What Are Some Benefits Of Filing A Business Bankruptcy?
The benefits to filing a business bankruptcy case would include an automatic stay from creditors proceeding to collect against debts owed by the business. The stay is imposed automatically upon the case filing. This allows a breathing spell to permit a Debtor to attempt to constructively analyze the entire debt picture of the company to see a negotiated plan of reorganization for the entity to address their debt in a uniform manner rather than an ad hoc approach.
The business bankruptcy provides an opportunity for advice of counsel, accountants, and others who would be retained by the Debtor in the case to provide guidance and instruction to the company to examine different strategies to try to address the problems that created the insolvency of the company.
What Is The Small Business Reorganization Act?
The Small Business Reorganization Act is a new subchapter in the small business section of Chapter 11 of the bankruptcy code. A small business debtor may now elect to have its case administered under Subchapter Five. This section of the bankruptcy code creates some advantages and also provides for a streamlined method to address the debt of the business. One of the significant provisions of the Small Business Reorganization Act is a plan must be filed within 90 days of the filing of the case.
The court will also schedule a status conference 60 days after the filing of the case, at which time one of the primary issues to be addressed will be what is the status of the debtors’ plan and whether they expect to be able to file it in a timely manner within the 90-day requirement under the Small Business Reorganization Act. A new section of the Small Business Reorganization Act provides for the appointment of a trustee in every case. The trustee is going to function somewhat differently than a trustee who was in control of the business affairs and might be viewed more as a facilitator, who will have a variety of duties to assist the debtor in reaching a consensual plan of reorganization. The trustee will appear at the status conference and other major hearings and coordinate with the debtor and their representatives to assist them in meeting the deadlines and filing the plan.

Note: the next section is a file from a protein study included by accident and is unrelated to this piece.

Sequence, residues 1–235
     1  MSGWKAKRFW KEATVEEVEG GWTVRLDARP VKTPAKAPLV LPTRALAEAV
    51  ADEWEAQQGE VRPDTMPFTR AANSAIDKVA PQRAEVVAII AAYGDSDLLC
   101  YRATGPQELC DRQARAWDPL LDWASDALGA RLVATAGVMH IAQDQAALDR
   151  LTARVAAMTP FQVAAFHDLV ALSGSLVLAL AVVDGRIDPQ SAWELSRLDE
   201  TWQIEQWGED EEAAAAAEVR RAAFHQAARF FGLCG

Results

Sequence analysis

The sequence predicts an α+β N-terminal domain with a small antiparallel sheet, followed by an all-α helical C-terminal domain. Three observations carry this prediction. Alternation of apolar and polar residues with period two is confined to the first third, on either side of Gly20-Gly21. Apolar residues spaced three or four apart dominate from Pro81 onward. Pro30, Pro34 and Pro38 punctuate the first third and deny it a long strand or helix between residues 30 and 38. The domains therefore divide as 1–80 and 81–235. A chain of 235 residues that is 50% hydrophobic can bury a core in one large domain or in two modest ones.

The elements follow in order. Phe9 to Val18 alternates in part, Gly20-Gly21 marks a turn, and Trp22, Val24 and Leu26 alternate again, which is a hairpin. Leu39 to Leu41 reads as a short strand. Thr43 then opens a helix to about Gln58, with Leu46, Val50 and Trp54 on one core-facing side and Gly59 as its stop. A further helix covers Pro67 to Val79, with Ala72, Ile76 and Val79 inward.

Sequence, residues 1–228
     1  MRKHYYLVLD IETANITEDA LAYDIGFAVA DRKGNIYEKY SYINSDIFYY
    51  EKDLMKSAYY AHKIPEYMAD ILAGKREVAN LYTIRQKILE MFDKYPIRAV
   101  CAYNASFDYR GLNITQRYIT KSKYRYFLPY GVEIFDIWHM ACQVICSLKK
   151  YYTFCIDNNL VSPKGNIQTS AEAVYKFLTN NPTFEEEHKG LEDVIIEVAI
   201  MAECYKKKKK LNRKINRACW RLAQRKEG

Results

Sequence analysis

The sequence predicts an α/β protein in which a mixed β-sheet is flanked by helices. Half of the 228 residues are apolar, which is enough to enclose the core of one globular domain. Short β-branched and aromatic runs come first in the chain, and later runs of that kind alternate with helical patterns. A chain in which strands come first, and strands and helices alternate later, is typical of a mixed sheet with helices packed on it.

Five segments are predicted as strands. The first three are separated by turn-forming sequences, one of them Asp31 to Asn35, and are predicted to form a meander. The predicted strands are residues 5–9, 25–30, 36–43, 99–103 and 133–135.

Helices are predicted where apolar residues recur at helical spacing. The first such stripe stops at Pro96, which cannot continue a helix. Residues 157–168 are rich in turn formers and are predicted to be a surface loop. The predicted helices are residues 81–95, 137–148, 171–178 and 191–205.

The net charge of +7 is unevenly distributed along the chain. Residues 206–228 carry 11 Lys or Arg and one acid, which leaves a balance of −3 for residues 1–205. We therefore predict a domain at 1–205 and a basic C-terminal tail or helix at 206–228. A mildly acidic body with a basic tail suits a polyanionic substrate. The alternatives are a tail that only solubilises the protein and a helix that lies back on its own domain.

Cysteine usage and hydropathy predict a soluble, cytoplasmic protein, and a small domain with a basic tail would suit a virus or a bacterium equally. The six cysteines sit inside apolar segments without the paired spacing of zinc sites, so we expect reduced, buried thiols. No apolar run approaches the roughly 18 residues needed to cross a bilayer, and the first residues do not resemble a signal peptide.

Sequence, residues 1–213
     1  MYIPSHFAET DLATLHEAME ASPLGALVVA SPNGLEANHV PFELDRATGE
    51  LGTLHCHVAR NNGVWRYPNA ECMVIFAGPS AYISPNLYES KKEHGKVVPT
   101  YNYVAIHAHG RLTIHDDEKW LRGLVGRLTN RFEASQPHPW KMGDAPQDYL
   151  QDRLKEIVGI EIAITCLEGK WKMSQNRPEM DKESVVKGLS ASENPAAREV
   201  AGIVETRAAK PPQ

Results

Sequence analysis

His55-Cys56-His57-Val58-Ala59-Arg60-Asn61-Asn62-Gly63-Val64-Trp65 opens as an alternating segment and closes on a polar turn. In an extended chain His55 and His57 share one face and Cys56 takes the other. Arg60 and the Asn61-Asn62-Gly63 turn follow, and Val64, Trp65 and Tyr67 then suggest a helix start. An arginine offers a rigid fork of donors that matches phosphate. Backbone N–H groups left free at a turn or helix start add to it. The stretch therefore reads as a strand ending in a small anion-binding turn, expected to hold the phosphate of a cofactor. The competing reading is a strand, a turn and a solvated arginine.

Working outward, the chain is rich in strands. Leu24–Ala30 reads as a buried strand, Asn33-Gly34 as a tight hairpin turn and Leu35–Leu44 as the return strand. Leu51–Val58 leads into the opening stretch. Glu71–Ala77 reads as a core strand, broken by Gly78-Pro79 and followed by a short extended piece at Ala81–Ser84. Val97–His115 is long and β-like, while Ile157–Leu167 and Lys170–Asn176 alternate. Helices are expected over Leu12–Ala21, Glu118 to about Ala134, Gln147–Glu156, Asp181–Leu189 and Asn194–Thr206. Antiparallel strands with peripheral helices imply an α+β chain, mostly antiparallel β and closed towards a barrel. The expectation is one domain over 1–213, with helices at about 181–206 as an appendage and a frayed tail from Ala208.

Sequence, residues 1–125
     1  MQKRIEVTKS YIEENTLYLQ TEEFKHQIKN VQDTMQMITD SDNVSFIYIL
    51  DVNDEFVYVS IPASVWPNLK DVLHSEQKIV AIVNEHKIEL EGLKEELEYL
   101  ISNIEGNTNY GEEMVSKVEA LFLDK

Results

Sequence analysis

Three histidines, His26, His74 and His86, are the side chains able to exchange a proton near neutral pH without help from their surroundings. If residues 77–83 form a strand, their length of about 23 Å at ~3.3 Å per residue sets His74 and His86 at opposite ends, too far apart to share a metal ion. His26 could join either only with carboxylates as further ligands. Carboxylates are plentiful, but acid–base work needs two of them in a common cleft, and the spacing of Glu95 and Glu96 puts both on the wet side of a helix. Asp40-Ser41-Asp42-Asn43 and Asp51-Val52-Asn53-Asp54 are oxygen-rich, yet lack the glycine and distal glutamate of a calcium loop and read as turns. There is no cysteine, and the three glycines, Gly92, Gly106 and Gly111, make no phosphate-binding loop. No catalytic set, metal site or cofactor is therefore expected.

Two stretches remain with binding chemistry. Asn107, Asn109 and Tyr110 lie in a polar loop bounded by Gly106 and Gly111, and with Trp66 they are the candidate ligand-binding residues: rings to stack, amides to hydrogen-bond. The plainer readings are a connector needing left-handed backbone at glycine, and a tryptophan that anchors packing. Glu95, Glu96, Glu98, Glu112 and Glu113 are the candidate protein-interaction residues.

The major changes to the bankruptcy code for Subchapter Five cases under the Small Business Reorganization Act involves the application of a provision of the Bankruptcy Code called the Absolute Priority rule, that will no longer apply to these cases. The Absolute Priority rule prohibited distributions to any one class of creditors unless the creditors who have higher priority are paid in full. This is a major development in the law, which will be very significant in helping small businesses reorganize their business affairs because frequently, the equity holders in the company who would retain the company could not retain their equity interest in the company unless they provided some contribution to the creditors, commonly known as “new value”.
The Subchapter Five debtors will also not be required to pay quarterly fees to the United States trustee and they will be closely monitored and assisted with the new trustees, which will be appointed at the inception of each case.
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